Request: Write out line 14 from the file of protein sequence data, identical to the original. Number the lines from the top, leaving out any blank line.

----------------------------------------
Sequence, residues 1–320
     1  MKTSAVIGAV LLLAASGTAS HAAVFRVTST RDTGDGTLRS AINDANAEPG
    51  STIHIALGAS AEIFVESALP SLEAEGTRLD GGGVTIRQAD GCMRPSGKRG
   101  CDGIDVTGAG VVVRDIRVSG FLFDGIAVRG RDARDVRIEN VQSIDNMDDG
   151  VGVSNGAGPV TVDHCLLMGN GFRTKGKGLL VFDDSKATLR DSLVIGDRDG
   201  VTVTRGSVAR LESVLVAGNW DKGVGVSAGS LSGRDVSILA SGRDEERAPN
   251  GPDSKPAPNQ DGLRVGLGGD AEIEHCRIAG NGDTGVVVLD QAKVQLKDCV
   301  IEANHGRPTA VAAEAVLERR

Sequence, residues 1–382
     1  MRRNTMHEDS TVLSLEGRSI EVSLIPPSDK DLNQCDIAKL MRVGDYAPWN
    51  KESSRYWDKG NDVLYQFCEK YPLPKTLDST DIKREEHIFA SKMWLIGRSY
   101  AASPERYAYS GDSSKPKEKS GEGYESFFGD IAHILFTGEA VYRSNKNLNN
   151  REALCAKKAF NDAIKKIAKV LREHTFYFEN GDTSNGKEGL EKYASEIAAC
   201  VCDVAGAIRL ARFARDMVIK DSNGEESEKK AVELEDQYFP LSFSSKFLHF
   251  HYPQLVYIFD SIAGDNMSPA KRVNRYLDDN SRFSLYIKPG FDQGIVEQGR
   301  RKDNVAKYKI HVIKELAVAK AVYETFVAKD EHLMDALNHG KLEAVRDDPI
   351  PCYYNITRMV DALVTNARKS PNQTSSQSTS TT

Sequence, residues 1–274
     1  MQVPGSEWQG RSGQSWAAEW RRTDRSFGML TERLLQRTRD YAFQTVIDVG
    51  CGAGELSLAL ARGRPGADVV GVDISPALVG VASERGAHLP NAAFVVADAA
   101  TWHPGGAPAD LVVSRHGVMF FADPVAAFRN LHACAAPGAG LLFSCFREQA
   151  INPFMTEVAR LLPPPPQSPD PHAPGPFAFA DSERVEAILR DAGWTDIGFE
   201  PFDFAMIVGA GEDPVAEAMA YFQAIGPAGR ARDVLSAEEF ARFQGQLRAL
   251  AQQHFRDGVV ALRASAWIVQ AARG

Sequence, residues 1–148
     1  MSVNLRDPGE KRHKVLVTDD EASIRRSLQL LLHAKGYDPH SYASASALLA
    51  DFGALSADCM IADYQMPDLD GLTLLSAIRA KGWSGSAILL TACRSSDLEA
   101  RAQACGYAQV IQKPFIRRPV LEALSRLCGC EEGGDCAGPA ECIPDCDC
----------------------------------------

   201  VCDVAGAIRL ARFARDMVIK DSNGEESEKK AVELEDQYFP LSFSSKFLHF